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Liverpool transfer business could have been very different had FSG strategy gone to plan

Liverpool transfer business could have been very different had FSG strategy gone to plan

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The Reds have in recent years become the masters of selling players at inflated transfer fees to allow them to reinvest in the first-team squad but that plan has been disrupted

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Van Dijk quizzed on if Liverpool are limiting Netherlands game time

Liverpool fans will no doubt have a sense of frustration after the closing of the transfer window confirmed their fears of a quiet summer of incomings.

The only reinforcement to the Reds first-team squad was central defender Ibrahima Konate, who arrives highly-rated from RB Leipzig for a £36million fee.

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That deal was confirmed at the end of May – before last season’s Champions League final – meaning that Liverpool did not invest in their first-team squad for a period of over three months.

There is little need for hyperbole; after all, this is a side who have won the Champions League and Premier League titles within the past two years and rallied last season to finish third in the standings.


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Ibrahima Konate was Liverpool’s only first-team signing this summer
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Image:

Liverpool FC via Getty Images)


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The return to fitness of Virgil van Dijk, Joel Matip and Joe Gomez – alongside Konate’s arrival helps solve the central defensive injury crisis – while a number of stars were tied down to long-term contracts.

There are other bright sparks too – Curtis Jones looks set to play more of a prominent role this season while Harvey Elliott’s return from a loan at Blackburn is a massive shot in the arm for Jurgen Klopp’s side.

Yet there is a lingering sense of frustration that while their rivals strengthened with notable signings such as Jack Grealish, Romelu Lukaku, Cristiano Ronaldo, Jadon Sancho and Raphael Varane, Liverpool may fall short of mounting a sustained title challenge this campaign.

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There are no natural replacements for Trent Alexander-Arnold at right-back, there are doubts over the backup options should Alisson Becker sustained a fresh injury while the jury is still out on Kostas Tsimikas should Andy Robertson be side-lined.

There is also a lack of depth in midfield – the exit of Georginio Wijnaldum has left the Reds light (despite Elliott’s return) – and Xherdan Shaqiri’s departure has also not been replace, despite the Swiss star’s lack of playing time.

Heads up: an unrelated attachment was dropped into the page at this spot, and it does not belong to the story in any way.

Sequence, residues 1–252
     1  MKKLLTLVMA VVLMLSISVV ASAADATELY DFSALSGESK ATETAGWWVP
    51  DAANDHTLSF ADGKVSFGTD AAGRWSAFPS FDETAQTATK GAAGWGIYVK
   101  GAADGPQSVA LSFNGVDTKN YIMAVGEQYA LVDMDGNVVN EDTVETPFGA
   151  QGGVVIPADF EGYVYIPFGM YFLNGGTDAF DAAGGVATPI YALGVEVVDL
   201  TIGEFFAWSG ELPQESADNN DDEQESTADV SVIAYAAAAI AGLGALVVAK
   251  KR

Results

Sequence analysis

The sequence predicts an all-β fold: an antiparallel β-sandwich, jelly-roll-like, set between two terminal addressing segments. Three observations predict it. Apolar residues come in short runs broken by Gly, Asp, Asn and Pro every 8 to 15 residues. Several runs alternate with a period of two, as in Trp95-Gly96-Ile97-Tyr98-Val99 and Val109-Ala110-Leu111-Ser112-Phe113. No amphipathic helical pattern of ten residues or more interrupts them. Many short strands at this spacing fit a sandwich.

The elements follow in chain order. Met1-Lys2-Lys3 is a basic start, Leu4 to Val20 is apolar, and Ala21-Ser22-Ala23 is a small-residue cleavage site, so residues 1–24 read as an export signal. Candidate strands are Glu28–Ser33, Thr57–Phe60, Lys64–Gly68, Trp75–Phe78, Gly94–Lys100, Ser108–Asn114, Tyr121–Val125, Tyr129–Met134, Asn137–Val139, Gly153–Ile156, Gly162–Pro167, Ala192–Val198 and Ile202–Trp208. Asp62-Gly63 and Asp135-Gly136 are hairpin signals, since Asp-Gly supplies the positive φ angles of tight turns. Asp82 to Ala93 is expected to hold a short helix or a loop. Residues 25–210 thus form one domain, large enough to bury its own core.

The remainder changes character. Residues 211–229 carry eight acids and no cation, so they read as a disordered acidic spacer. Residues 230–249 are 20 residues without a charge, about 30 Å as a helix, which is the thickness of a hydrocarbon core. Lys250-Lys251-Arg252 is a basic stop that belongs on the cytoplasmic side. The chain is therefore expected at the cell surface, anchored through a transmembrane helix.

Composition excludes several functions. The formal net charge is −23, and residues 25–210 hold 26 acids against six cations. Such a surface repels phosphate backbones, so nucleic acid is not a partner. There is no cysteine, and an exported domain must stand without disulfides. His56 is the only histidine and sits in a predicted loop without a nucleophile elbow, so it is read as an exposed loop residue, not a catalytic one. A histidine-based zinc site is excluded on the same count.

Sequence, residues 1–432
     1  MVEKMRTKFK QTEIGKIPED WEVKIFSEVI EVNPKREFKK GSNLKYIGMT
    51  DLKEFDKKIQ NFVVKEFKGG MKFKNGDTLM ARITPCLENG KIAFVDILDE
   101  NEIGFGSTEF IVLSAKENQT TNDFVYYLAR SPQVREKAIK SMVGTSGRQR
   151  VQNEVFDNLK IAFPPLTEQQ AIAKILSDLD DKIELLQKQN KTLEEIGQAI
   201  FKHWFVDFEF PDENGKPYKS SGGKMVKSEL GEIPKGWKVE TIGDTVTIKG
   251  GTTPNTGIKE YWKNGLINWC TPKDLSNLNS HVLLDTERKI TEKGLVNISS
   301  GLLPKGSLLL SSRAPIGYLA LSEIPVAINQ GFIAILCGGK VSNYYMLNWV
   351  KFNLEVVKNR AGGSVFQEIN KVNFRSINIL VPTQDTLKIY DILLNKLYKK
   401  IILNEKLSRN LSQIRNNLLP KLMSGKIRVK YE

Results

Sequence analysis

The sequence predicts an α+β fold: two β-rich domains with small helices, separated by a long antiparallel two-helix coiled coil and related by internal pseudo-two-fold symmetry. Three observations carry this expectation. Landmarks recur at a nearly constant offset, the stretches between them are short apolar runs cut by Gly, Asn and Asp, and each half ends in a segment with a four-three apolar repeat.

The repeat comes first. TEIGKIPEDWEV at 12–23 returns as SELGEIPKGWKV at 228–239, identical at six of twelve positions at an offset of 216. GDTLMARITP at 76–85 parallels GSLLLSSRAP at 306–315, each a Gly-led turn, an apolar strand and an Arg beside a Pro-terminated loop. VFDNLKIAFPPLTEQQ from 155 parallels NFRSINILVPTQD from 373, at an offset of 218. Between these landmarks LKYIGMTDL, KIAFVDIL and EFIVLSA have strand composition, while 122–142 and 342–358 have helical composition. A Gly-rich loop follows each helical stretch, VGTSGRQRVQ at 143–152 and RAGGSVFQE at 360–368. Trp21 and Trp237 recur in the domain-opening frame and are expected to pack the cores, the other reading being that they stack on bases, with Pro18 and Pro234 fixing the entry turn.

Yet Liverpool’s transfer policy has been dictated by the ramifications of the Covid-19 pandemic – one of the club’s strengths under FSG has been selling players at inflated prices and then reinvesting in the first-team squad.

Is Liverpool’s squad strong enough to win the Premier League this season? Comment below

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This was seen most notable in 2018, when the sale of Philippe Coutinho to Barcelona funded a large section of the splurge on Alisson, van Dijk and Fabinho – the spine of the team who propelled the club to recent successes.

Another concern for Liverpool is that all three of their starting forwards – Mohamed Salah, Roberto Firmino and Sadio Mane – all celebrate their 30 th birthdays this season.

This is generally viewed as a tipping point for a player’s resale value, with their physical capacities bringing increasingly limited returns and who no longer carry the market demand of previous years.

As with the exit of Coutinho, Liverpool showed they were not afraid to sacrifice a star player at the right market price and in a non-Covid world, it would be likely that at least one of the three leading forwards would have been sold at the right price had a suitor come in for their signatures.

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Such a sale may not have proven hugely popular among Reds fans but it would have significantly increased their potential to continue to rejuvenate and reinvest in their first-team squad.

Despite the club recouping fees for Harry Wilson, Taiwo Awoniyi and Shaqiri, this only amounted for £25million and meant that the club had no significant financial injection this window.

Liverpool fans must be content with key first-teamers penning new long-term deals with the reality that few are likely to fetch big transfer fees but the approach of the club’s ownership means this is likely to be combined with relatively cautious spending in the transfer market.

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